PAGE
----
Conversely, in the China of Zheng He's time, these three major preconditions did not exist. We only need to compare the "Overall Map of the Geography of all under Heaven" with the "Navigation Maps of Zheng He" to know this. No only in the time of Zheng he, but actually throughout China's history (excluding those maps influenced by Ricci and other Western missionaries), there is no map which portrays the world as a globe and projects this globe onto a flat plane. The traditional geographers in China could not produce a map like the "Overall Map of the Geography of all under Heaven". The map does not belong to an ancient Chinese cartographic tradition, but rather to a European cartographic tradition.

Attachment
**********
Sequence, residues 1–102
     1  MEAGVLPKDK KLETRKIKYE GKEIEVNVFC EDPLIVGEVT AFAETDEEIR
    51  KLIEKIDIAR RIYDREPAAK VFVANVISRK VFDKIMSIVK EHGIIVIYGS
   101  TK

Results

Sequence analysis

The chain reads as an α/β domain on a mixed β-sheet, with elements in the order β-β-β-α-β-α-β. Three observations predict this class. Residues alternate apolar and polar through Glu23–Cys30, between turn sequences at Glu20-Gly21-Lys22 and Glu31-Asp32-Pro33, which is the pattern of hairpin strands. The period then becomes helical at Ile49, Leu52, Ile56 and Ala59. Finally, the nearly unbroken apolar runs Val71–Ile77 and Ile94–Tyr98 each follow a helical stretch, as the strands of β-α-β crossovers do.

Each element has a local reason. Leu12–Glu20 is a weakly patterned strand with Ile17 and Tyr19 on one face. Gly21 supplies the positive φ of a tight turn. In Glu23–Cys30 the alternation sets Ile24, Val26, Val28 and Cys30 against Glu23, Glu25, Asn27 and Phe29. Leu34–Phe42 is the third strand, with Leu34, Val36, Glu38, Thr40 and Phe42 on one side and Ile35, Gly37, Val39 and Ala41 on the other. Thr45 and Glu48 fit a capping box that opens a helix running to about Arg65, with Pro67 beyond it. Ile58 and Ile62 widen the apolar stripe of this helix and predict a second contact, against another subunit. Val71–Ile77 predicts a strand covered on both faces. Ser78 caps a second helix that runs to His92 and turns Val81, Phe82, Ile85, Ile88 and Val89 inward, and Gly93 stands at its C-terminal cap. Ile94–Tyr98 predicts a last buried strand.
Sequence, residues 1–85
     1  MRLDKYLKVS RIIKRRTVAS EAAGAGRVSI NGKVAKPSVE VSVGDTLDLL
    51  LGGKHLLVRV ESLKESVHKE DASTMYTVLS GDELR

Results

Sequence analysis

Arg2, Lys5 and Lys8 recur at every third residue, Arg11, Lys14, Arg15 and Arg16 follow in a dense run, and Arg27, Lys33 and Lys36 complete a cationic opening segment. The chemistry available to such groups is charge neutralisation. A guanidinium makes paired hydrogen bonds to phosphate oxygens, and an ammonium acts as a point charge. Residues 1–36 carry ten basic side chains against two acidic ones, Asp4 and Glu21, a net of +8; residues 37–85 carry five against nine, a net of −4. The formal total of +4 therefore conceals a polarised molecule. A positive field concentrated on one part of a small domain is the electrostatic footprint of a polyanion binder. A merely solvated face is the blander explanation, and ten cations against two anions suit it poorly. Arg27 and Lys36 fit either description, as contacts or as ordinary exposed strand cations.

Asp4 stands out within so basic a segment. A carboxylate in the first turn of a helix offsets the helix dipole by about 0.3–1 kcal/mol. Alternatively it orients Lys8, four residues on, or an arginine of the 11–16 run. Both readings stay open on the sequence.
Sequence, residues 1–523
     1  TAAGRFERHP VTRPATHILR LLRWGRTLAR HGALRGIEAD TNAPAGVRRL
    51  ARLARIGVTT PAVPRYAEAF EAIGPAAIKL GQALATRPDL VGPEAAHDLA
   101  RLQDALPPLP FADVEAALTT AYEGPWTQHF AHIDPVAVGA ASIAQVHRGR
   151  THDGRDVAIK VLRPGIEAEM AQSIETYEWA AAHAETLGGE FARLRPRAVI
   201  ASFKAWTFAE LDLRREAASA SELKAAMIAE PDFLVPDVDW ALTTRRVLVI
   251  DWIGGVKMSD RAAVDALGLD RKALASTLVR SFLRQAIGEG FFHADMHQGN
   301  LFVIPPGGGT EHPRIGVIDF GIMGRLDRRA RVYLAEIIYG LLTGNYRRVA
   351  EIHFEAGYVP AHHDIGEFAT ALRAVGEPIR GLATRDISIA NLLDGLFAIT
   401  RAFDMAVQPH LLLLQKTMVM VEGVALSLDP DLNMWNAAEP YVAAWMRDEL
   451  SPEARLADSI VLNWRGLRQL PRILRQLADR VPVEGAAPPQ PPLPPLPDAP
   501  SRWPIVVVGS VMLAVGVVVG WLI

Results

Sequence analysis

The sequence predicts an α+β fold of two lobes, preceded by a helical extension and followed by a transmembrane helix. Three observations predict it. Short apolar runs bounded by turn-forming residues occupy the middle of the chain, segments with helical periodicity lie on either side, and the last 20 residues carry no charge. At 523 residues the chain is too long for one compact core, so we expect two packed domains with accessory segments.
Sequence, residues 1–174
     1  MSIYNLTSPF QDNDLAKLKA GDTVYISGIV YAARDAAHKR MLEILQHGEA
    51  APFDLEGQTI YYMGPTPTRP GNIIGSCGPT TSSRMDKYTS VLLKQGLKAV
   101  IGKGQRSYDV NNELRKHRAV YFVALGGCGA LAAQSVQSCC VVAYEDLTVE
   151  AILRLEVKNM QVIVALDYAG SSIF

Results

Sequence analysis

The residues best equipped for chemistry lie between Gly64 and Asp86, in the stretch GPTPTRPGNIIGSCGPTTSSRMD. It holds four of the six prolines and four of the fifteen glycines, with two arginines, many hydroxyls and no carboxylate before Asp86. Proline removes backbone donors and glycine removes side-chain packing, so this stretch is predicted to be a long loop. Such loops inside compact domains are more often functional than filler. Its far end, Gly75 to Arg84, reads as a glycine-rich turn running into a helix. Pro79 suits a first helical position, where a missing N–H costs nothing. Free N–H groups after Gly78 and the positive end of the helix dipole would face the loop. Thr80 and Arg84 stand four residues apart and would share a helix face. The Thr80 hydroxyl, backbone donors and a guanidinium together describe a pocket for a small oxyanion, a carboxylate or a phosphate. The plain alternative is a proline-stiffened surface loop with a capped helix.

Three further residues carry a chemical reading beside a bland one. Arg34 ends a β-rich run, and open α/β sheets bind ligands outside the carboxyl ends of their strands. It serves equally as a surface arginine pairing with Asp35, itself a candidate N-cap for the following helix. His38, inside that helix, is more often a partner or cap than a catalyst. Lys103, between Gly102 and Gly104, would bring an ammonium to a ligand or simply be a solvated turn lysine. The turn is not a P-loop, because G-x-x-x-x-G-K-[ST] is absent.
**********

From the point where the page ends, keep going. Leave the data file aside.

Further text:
Of course, some might at a stretch claim that even though in the extant Chinese texts we have not found precursors and successors of the "Overall Map of the Geography of all under Heaven", that this does not mean that there was no source for these in the past, and it is completely possible that these may all have been lost. And also that it is completely possible that soldiers who accompanied Zheng he's distant voyages might have included some geniuses who discovered extremely advanced map projection methods and drew these maps. And that the accuracy of the shape of the continents on the "Overall Map of the Geography of all under Heaven" shows that not only were Zheng He's fleets the first to circumnavigate the globe, but that they also conducted geo-surveys of a huge scale. As the "Overall Map of the Geography of all under Heaven" clearly states the "map of the barbarians from all under Heaven who offer tribute to the Court" on which it is based came from the actual voyages of Zheng He. Thus, the key here is to determine whether or not the "Overall Map of the Geography of all under Heaven" has any links with the Zheng He voyages. If this map clearly has links with the Zheng He voyages, then the scientific history of China and the rest of the world needs to be rewritten, as must even the final chapters of the history of human civilization. If the map is not linked with Zheng He, we cannot ascribe the map to Zheng He, and we can assign the account of Zheng He travelling around the globe to the realm of fairytale. In brief, if the 1418 map truly existed, Menzies' 1421 story of China discovering the world in 1421 will be supported!